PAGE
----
Today, on the never-ending but almost always rewarding search for good cheese, we stop by Stinky Bklyn, where Smith Street’s only jamon bar and an always-rotating selection of craft beers on tap for growler fills compliment the star of the show – a gleaming case featuring some of the planet’s finest cheeses. We ask Christopher Killoran, Stinky’s cheese obsessed wholesale director, to help us navigate.
OK Chris, you know your cheese. What’s something that you’re really liking these days?
It’s not always easy to answer that question, but today, for me, it is. I’d say you’ve got to try the Mont Saint Francis. It’s a raw, aged, washed rind goat milk cheese from Capriole Farmstead. This has been one of my favorite cheeses for a while, but this is the first time we’ve had it in about six months. The drought in the Midwest has cut their production almost in half, so I’m really happy to have it back in stock.
Capriole is in the hills of southern Indiana. They’ve been around since the seventies. The cheese maker is a woman named Judy Schad. She’s one of the pioneers of this generation of artisanal cheese makers in the United States. I would go as far as to say they make some of the best goat cheeses in the country.
They have a few fresh goat cheeses in the more typical chevre style most people are familiar with, but it’s the aged raw goat milk cheeses that I think are where they really stand out. These guys are one of a very few producers of raw, aged goat milk cheese in the country.
Interesting. Most producers just stick with the fresh chevre style?
It’s not easy to make raw, aged cheeses with goat milk. Goats produce less milk than cows or sheep. So you need more animals, and more land, and it requires more milking, more work, to get the same amount of milk from a herd of goats as you might from another animal. For a lot of cheese makers who produce their own milk, there’s a real pressure to make fresh, unaged goats cheese and get it out onto the market quickly in order to keep money coming in to cover the expenses of running the farm.
In this country, all cheese under sixty days old has to be pasteurized by law. When you pasteurize milk, you’re heating it to kill bacteria. So the milk used to make fresh goat cheese is almost always pasteurized. The problem is that when you heat the milk like that, you really mute its flavors. You can use unpasteurized raw milk in cheeses that are aged for at least sixty days, because the acids and salts in the raw milk naturally kill any harmful bacteria in that time, so the flavors of the milk get to come through at top volume in the aged raw milk cheeses.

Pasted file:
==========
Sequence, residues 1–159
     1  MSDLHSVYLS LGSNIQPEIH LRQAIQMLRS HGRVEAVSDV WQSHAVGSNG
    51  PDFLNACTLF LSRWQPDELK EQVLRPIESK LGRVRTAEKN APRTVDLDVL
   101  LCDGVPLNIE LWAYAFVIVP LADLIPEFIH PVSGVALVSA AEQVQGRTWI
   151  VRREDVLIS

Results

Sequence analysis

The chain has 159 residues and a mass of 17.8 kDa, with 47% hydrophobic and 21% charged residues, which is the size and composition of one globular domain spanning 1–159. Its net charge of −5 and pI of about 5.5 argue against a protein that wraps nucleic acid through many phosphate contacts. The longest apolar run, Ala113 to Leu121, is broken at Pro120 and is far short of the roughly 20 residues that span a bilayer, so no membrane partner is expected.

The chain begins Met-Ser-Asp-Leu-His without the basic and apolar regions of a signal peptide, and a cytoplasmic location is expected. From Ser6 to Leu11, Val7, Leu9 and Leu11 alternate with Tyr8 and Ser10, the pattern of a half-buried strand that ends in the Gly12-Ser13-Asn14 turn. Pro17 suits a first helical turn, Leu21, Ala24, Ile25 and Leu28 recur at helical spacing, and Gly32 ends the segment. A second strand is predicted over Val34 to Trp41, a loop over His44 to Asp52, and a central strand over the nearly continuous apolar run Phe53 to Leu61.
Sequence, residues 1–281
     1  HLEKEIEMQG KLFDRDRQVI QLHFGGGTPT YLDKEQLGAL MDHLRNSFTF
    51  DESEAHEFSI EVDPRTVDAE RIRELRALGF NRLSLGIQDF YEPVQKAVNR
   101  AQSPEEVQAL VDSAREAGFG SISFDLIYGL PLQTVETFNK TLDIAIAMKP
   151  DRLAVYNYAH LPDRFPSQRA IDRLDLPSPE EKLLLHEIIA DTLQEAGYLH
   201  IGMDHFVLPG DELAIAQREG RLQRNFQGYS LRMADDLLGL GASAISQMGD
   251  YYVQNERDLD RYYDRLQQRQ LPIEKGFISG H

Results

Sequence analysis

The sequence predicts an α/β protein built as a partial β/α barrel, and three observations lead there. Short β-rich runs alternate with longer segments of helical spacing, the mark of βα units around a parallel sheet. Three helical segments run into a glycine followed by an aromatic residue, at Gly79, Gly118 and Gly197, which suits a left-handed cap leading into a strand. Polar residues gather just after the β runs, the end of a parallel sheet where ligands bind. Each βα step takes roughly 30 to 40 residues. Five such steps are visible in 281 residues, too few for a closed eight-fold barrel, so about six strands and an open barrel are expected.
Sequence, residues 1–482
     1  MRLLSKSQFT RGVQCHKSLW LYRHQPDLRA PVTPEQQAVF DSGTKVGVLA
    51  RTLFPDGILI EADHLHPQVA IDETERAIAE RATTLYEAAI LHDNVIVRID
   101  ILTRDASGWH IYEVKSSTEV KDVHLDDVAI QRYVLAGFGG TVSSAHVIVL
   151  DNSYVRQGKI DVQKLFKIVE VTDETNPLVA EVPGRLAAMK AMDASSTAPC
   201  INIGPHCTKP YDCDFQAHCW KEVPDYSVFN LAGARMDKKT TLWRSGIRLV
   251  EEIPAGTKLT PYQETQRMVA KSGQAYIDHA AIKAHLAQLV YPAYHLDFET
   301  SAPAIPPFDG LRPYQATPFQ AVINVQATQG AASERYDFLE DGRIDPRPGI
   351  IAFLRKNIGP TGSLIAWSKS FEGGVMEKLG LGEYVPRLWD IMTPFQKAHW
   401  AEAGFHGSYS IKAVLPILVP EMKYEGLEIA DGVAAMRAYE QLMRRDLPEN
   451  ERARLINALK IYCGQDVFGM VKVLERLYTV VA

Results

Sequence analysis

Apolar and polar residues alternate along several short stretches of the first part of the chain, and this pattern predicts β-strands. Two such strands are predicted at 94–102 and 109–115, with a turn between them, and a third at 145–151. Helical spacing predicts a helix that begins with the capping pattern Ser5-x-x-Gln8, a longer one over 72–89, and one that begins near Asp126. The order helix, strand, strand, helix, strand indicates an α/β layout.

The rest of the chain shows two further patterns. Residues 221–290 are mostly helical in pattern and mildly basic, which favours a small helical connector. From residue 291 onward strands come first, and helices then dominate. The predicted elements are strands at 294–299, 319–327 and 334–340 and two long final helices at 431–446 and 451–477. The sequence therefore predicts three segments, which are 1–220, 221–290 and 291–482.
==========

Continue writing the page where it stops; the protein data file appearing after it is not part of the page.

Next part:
Farmers and cheese makers like Capriole go to great lengths to produce the best possible milk. They carefully breed their goats over years for milk production and flavor, they move them through acres and acres of fresh pasture all spring, summer and fall. They care for their goats in the best possible way. Very few farms are doing it to the level that they do. So when they use their raw milk in one of their cheeses, all the subtle flavors in that milk they work so hard to produce get to shine through.
The Mont Saint Francis is a perfect example of that. It’s a semi-soft cheese with full beefy, earthy, musky flavors that combine really nicely with that tang you get with goats milk. It’s a washed rind cheese. Washing the cheese while it ages is what gives you that familiar pungent stink on strong cheeses. This one is washed in a way that is strong, but still subtle. It doesn’t overpower the cheese. You can taste where the cheese is coming from, how it’s been made, and all the complex grassy notes in the milk used to make it. You can smell the barnyard and the goats, along with hints of grass and hay and sweetness.
So it’s pretty powerful on the nose with rich, earthy, rustic flavors and a little grassy tang. It’s rich and creamy in the mouth, with a mellow finish that lingers and keeps developing. Like I said, it’s one of my all-time favorite cheeses.
Any particularly good pairings come to mind?
I think you want to be careful about pairings with a really great cheese. When you pair a cheese like this with something, it’s going to be a lot easier to tone down flavors in the cheese than it is to really accentuate something. You’re going to be covering up some aspect of the cheese, and that’s tough for me because a cheese like this is made so well and with such care that it’s kind of perfect as it is.
That said, I do love a good beer with a good cheese, and we carry one that I think works really well with the Mont. It’s called Innis & Gunn. It’s a lighter pilsner-esque beer from Scotland that’s aged in oak whiskey barrels and rum casks, and that oaky note to the beer is just out of this world with an aged goat cheese like this.
So how did you end up becoming a cheese person, and working here at Stinky?
Well, I grew up in New Hampshire. My dream when I was a kid was to open a restaurant with my dad. Once I got a little older though, he shared the news with me that he didn’t actually think that was the best idea from a financial perspective. [laughter.] So I settled for my second dream, which was writing.
I’ve always loved cheese. I remember the first great cheese I had as a kid. We were on a family trip to Ann Arbor, Michigan, and we went to a cheese shop called Zingerman’s Creamery. I had a taste of Humboldt Fog. It’s still one of my favorites to this day.
I’ve always been into food, and cooking. I went to the University of Vermont and studied writing to go into food journalism. I minored in cheese. That gave me my first close look into the world of making great cheese, and I was kind of hooked. After moving to New York I ended up working at Murray’s Cheese where my education continued. When the opportunity opened up at Stinky, I couldn’t pass it up.
Stinky Bklyn is located at 215 Smith Street, between Baltic and Butler, in Boerum Hill.
Photography by Morgan Ione Yeager. All rights reserved.